But, knowing that I'm ridiculous doesn't seem to stem the flow of thoughts.
I've lived for years in a strange mid-point where I continue to have unrelenting thoughts of inadequacy and failure, but no longer believe them whole heartedly.
I've been plagued for the past thirty-one years with thoughts and obsessions about my weight. I've taken it to extreme degrees- starved and binged, wasted away and plumped out. I know that freedom from these obsessions lies within the realm of possibility; as I've enjoyed long periods of peaceful remission. I know too, that bondage in every sense is also possible, since I've also suffered long bouts of this reality. I am no longer whole-heartedly committed to hating myself, and this now prevents me from becoming as thin as my dysfunctional daydreams dictate.
So, I live in this world between being blissfully well and not-at-all well.
All of it rests on my state of mental health. When relationships fail, people cause me pain, and I'm at a loss for how to respond appropriately, my mind hits the "big red button" and my obsessions kick into moderate to high degrees. I dream of diets, weight loss, clothes hanging in folds. I imagine the peaceful facade that a thin body would provide me. It would give me the protection from the cruelty of life.
These are my imaginings; though I admit they are ridiculous.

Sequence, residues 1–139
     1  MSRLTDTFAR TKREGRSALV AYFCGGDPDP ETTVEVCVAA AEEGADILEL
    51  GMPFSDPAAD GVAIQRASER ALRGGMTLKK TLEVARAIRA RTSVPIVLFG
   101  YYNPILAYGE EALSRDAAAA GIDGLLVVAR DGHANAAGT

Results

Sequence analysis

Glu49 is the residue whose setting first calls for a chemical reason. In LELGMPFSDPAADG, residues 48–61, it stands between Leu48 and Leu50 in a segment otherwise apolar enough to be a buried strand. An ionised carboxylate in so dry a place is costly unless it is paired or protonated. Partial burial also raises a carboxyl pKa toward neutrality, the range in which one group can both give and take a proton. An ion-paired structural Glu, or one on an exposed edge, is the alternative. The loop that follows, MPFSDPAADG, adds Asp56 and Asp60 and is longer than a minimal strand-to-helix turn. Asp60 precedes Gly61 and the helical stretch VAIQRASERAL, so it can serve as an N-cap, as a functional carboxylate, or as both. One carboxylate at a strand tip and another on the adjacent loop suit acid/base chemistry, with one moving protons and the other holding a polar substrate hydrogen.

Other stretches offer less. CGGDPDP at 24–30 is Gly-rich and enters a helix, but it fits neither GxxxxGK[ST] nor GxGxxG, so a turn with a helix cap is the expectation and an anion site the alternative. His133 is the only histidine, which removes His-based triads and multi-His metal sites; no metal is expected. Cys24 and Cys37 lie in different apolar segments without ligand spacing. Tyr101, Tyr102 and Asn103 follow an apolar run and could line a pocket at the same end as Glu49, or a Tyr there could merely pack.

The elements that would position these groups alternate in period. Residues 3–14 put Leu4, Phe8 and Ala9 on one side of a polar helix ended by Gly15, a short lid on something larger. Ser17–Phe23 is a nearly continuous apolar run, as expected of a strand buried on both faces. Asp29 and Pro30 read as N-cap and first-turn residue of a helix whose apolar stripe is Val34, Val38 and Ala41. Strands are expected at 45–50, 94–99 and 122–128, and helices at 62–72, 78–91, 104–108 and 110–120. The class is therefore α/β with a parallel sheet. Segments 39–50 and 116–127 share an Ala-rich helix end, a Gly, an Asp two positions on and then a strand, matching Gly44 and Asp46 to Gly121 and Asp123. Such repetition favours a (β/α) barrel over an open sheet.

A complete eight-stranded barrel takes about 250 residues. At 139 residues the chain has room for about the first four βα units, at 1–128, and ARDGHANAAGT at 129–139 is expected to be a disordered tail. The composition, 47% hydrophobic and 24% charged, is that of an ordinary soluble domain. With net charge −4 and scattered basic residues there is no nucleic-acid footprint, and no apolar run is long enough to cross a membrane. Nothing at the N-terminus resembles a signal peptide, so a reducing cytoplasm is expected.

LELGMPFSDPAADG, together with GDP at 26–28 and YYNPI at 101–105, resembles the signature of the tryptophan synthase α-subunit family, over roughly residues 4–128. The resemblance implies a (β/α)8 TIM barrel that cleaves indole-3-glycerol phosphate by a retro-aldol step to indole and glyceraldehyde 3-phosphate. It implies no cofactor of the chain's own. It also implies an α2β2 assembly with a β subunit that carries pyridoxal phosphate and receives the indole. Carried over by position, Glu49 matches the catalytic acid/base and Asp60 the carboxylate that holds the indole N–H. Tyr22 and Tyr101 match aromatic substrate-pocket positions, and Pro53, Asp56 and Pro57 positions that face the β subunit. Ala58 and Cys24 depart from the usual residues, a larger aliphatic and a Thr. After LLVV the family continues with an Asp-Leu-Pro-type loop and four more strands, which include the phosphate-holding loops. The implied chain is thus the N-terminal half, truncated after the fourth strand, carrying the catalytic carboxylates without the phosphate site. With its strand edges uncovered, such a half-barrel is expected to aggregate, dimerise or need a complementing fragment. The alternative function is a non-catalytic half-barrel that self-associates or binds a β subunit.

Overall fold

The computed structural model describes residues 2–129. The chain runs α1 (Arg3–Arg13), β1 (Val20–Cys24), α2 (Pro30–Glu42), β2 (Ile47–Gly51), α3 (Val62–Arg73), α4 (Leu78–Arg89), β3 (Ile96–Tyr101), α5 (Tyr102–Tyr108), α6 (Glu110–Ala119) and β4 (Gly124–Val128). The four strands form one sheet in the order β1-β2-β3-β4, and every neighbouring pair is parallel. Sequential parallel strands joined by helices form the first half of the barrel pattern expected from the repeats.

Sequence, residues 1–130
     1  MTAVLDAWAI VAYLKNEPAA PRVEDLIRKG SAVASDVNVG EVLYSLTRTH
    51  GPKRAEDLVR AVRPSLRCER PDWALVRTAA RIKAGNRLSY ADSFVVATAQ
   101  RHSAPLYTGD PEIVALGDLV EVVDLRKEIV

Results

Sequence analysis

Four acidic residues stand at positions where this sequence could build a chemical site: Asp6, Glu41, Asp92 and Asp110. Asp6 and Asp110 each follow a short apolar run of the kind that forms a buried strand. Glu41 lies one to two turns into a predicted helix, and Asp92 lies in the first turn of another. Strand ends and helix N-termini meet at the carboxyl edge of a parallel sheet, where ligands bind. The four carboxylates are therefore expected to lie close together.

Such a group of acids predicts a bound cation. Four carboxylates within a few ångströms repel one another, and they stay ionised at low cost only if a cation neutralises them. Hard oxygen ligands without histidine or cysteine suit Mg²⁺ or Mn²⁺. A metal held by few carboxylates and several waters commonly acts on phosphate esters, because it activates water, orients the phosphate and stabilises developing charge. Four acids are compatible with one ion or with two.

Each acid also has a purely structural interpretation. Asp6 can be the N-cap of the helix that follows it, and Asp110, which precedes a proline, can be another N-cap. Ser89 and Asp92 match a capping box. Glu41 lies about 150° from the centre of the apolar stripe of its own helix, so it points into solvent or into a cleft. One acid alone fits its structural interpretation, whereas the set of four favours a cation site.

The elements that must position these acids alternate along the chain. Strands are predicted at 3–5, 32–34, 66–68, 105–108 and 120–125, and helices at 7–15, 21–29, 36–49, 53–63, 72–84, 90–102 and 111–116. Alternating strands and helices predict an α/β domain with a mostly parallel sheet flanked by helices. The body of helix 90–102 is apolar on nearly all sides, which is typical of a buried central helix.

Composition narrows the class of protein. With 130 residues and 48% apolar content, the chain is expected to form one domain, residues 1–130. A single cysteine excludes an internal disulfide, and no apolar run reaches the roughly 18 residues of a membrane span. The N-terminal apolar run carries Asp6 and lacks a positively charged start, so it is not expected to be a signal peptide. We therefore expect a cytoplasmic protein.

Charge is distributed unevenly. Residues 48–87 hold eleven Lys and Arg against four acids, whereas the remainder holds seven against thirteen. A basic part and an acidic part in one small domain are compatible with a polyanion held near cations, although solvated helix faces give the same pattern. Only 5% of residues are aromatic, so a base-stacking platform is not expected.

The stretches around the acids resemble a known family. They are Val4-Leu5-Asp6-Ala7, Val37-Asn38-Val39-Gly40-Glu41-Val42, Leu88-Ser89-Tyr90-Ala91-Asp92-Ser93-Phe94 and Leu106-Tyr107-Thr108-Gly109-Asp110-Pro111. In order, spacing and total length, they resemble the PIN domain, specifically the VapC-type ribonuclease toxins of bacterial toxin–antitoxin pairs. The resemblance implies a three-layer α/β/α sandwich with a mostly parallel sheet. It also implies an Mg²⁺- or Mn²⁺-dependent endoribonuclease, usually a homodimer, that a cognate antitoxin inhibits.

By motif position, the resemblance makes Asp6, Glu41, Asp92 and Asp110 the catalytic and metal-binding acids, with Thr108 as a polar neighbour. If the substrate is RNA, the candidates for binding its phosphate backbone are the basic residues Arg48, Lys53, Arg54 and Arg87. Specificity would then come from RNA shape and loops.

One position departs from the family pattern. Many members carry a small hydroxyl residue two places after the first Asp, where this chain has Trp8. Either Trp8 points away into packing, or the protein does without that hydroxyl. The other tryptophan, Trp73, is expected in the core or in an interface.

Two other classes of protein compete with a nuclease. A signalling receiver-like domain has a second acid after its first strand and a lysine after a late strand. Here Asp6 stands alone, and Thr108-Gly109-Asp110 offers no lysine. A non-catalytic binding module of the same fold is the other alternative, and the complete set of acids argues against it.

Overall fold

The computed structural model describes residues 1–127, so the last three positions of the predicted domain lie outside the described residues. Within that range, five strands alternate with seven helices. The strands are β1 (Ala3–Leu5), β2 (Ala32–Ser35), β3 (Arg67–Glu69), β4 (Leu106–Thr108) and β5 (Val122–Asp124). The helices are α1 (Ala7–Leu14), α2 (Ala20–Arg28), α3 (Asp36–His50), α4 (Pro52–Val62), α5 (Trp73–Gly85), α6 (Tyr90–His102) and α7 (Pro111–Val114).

My other automatic defense against the pains of life is to blame myself, and even here I no longer believe my thoughts. It used to be easy to imagine that I brought pain upon myself by being inadequate. That surely I deserved to be mistreated and disrespected. It's at least as painful, if not more so, to admit that sometimes people just fail and mistreat me. Due to nothing that I deserve. This puts me in a position of powerlessness. I am powerless to change another person, or influence how they choose to treat me.
Hence the urge to starve. Something that I can manage on my own.
But all my years of therapy and endless reading and strenuous mental work have rendered me incapable of the basic necessities of the eating disordered. I'm grateful, but left wanting. All I'm left with is the mental struggle of sorting out my thoughts, disciphering what is truth, deciding what to own and what else to discard.
I get tired of the weight of my brain. My anxieties, worries, fears, and introspection.
Meanwhile, my smiles are real. Sincere.
And I do love to laugh.
I will move on. It will take me longer than I wish it would, and I'll likely put in more mental energy than your average bear. It will be moment by moment, and will only occasionally feel like a renewal. It mostly feels laborious and painful.
I will be honest, and I will do my best to be kind and patient. With me, and with everyone I can. For everyone carries some sort of burden. (thanks, pinterest for some variation of that quote, I've thought a lot about it).
(not to worry, oh speculators, my marriage is intact. I have these bouts- always have. This too, shall pass.)